A Backdrop Church

I noticed it in Sleepless in Seattle: an incredible Baltimore church (Mount Vernon Place United Methodist Church) that exists, seemingly, merely to serve as location background to the conversation between Annie (Meg Ryan) and Becky (Rosie O’Donnell). That, in itself, isn’t all that interesting. The church and Baltimore’s Washington Monument function as location markers in the movie in the same way as Chicago’s skyline, the Empire State Building, and the Space Needle.

But after watching four Meg Ryan romantic comedies in the past week for our next episode of Saints and Cinema (why are we doing that? You’ll just have to listen), it strikes me that religion—let alone Christianity—plays no role whatsoever in any of those movies. It’s all the more apparent after we looked at two other ’90s comedies, Drop Dead Gorgeous and Sister Act, in our last episode—both movies that, even at their most stereotypical, revolve around some conception of Lutheranism and Roman Catholicism, respectively.

I don’t know how this works across the majority of ’90s rom-coms (it’s longer ago than it seems!), but I bet that the trend would hold: the church and Christianity are a backdrop to what’s happening, if they are present at all. And yet, mystical religion abounds. It’s most apparent in Sleepless in Seattle, but also present in the other Meg Ryan movies (and no doubt, across the genre), where there is abundant talk of “signs,” of mystical coincidences, and a searching for the love that will provide, finally, the elusive certainty that this person is the one. Repeatedly, people “discover” that the people whom they think they love actually have one or more horrible or annoying traits. Then, by a series of seemingly random events, they are pulled out of those relationships toward the people with whom they were really meant to be.

That, of course, holds its own problems for relationships and especially marriages. It is not a coincidence that all the main characters are either divorced, widowed, or engaged. If it were otherwise, the more serious and inflexible entanglements of marriage would make the stories much messier—that is, more like real life. Of the films we watched, When Harry Met Sally… is perhaps the most realistic in its approach to the main characters’ love.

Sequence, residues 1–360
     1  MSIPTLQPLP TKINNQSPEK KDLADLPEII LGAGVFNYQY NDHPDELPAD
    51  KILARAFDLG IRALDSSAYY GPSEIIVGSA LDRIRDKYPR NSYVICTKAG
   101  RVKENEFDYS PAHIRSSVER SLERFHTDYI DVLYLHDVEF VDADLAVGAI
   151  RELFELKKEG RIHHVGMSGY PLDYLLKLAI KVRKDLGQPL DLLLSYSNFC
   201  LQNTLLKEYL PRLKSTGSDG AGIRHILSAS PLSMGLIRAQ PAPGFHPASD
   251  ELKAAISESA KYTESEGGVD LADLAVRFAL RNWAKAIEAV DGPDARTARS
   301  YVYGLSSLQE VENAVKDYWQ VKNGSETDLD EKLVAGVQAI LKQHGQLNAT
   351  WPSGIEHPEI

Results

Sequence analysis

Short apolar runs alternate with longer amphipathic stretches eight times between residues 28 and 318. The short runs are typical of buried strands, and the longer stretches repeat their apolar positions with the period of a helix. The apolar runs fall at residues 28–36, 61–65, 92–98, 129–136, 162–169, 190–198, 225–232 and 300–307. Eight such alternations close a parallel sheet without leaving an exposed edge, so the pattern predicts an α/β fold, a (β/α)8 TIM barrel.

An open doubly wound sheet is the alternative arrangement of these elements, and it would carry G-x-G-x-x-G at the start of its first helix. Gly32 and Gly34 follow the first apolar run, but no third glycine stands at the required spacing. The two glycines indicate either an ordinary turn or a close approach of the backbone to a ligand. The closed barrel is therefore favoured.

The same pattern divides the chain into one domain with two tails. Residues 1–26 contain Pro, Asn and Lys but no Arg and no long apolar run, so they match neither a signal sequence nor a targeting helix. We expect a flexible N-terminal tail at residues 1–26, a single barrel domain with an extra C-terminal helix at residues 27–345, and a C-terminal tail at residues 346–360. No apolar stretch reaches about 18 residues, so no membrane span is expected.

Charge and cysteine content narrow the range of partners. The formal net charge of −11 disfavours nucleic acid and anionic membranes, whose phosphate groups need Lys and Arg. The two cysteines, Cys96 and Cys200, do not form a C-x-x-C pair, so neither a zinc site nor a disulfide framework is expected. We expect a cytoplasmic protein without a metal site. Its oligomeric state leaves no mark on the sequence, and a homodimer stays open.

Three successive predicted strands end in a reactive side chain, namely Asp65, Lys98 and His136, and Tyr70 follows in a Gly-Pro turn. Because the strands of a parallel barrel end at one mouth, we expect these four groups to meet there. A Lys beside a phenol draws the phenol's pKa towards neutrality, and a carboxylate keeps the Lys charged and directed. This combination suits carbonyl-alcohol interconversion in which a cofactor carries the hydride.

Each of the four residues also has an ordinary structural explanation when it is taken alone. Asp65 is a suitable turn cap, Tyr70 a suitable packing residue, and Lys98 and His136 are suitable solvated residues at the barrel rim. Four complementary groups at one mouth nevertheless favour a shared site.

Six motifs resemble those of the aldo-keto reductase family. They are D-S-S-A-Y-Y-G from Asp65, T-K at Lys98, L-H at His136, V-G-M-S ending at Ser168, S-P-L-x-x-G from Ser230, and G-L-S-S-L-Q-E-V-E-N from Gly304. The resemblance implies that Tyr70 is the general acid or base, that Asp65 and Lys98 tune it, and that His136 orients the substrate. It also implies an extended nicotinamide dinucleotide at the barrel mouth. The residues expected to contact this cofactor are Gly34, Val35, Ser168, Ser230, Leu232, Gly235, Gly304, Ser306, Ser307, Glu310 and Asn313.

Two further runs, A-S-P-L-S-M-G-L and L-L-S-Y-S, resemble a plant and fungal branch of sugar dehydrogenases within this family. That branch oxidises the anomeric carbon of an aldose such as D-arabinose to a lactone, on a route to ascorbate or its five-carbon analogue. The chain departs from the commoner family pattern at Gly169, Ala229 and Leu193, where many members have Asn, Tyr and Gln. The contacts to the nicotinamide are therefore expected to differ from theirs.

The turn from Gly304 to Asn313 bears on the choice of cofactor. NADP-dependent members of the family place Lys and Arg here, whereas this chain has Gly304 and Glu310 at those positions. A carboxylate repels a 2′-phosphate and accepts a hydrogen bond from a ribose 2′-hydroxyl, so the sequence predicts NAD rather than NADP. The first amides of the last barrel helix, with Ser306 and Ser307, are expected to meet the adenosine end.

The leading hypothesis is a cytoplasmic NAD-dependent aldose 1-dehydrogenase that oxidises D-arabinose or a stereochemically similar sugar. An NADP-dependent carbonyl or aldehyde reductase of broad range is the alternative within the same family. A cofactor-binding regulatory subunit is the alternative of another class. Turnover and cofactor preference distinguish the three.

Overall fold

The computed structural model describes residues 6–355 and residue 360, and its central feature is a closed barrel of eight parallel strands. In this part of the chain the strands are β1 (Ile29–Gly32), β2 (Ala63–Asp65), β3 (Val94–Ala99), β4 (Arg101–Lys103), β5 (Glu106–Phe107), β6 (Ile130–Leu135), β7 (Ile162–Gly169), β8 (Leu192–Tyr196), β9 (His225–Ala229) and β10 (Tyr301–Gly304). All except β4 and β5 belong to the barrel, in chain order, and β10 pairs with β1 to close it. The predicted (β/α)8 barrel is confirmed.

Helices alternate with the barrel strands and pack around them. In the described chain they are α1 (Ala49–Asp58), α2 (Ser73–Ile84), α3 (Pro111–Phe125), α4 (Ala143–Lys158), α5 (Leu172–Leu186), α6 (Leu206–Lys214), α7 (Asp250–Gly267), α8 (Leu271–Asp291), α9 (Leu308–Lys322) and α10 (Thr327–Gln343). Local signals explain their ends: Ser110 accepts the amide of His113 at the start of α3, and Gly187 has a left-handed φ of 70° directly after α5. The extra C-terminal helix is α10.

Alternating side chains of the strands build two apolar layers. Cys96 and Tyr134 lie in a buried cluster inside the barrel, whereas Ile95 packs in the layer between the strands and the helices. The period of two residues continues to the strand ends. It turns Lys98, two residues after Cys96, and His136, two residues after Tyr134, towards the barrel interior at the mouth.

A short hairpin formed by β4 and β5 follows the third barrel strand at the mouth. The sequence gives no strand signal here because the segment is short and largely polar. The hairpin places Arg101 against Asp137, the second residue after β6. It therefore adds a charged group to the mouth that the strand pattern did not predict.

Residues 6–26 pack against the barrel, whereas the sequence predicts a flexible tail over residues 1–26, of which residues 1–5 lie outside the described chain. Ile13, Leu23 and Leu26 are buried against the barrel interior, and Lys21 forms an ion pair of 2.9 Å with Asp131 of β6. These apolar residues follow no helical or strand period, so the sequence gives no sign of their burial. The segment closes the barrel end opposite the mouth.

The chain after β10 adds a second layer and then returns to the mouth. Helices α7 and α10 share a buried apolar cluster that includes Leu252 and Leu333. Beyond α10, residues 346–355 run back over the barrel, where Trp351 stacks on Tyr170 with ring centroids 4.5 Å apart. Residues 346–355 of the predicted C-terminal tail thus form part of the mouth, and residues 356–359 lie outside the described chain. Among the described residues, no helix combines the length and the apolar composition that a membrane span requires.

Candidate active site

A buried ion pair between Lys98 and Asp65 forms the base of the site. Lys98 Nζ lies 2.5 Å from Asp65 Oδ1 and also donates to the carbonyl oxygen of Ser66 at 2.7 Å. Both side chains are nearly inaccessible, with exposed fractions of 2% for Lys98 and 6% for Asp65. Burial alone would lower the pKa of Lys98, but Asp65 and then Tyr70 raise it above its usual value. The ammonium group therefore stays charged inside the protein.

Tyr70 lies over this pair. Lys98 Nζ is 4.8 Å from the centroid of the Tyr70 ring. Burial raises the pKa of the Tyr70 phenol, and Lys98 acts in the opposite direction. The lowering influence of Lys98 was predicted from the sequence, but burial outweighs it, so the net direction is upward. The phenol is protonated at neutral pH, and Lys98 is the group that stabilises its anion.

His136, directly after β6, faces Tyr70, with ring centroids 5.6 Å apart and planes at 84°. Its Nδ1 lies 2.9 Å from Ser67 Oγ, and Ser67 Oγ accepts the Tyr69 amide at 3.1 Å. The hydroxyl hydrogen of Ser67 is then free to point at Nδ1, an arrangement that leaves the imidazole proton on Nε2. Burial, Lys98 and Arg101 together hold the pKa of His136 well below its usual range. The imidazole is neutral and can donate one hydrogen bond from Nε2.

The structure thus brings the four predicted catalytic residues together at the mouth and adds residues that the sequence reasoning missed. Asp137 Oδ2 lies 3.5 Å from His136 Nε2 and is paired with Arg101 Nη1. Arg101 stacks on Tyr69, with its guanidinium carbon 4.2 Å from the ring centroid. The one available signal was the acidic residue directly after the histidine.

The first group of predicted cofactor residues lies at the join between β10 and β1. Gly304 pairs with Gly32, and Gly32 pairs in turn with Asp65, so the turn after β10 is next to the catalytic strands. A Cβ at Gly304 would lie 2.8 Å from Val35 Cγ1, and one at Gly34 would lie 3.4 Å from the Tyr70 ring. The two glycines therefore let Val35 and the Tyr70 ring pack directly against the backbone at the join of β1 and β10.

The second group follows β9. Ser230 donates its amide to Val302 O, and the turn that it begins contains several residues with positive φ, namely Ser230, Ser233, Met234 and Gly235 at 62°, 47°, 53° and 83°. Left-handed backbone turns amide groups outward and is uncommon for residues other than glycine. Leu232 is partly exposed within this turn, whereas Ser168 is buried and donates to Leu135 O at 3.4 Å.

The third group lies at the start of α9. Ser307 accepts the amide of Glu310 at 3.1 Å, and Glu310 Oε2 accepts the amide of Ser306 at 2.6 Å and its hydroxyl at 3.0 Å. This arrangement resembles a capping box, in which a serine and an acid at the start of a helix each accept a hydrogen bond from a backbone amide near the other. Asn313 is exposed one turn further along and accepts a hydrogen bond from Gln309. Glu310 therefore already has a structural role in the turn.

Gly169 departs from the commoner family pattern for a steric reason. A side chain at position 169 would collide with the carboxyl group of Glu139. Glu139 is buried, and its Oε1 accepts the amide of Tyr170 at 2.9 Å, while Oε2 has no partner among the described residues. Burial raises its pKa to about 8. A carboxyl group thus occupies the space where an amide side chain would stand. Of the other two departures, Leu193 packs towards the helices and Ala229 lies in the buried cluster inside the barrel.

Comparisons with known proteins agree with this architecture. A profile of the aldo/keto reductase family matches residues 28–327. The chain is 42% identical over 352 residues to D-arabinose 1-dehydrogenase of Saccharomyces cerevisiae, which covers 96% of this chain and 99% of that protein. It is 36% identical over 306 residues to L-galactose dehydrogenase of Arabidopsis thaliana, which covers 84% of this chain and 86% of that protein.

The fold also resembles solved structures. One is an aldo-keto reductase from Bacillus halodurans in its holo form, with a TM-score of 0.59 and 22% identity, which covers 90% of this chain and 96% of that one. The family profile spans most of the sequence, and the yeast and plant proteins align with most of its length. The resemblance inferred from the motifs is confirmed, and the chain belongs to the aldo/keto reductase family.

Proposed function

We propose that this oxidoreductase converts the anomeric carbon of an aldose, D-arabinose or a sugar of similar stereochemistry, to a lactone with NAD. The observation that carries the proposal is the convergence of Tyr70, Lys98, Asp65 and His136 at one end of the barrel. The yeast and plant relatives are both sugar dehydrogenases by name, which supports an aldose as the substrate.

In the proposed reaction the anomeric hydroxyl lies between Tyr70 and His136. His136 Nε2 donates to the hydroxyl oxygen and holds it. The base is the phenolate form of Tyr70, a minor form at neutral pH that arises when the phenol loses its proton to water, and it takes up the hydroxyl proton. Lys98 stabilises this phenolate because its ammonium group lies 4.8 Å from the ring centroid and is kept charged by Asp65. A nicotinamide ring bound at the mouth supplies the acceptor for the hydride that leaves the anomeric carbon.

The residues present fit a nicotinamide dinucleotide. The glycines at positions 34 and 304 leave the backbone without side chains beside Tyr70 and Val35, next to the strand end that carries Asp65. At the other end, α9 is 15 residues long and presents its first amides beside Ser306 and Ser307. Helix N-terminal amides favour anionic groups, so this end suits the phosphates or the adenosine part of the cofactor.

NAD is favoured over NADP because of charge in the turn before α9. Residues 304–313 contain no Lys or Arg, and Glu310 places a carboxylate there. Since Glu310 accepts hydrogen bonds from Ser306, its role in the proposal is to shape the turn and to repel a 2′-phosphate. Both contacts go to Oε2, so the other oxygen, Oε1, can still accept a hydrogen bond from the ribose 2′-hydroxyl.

I’m not against escapism, but stories involving the most fundamental relationships in human life can’t help but have some impact on the way that we view those relationships in the solidity of a life that doesn’t take place on a screen. How many people are not able to “escape” the engagement before the wedding, and only later find their “one true love”? While we don’t often see in romantic comedies the consequences of ultimate trust placed in the jealous god of romantic love, we will certainly see them in real life. Not to put too much weight on a single moment in a frothy rom-com, but idolatry is idolatry. And when you attach the entire significance of your life to “magic” signs and mystical romantic coincidences, it is bound to disappoint, maybe tragically.  

Yes, ’90s romantic comedies contain easily resolved moral dilemmas; yes, there is an apparent lack of any emotional wreckage left in the wakes of the break-ups. And the displacement of Christianity for the religion of romantic love is not a new phenomenon. But that backdrop Methodist cathedral can serve as a symbol for the larger and looming absence of God in modern society. That absence is more like a black hole than something that is simply missing; anything that crosses its event horizon is distorted and drawn toward its center.

Maybe that’s too serious a question to put to movies that aren’t meant to be taken seriously. I’m willing to accept that. But with a backdrop that includes that church, which might as well be a facade, I wonder if the absence of Christianity from these movies reflects the cultural context of the 1990s, or if it’s just a quirk of romantic comedies (although in the same year that Meg Ryan appeared in You’ve Got Mail, she appeared in a movie about angels: City of Angels, Wim Wenders’ American remake of the German Wings of Desire). Either way, it shows the extent to which Christianity in America is largely assumed, rather than understood.

“Movies for Wives: Peak Meg Ryan,” our next episode of Saints and Cinema, should be up Monday at saintsandcinema.com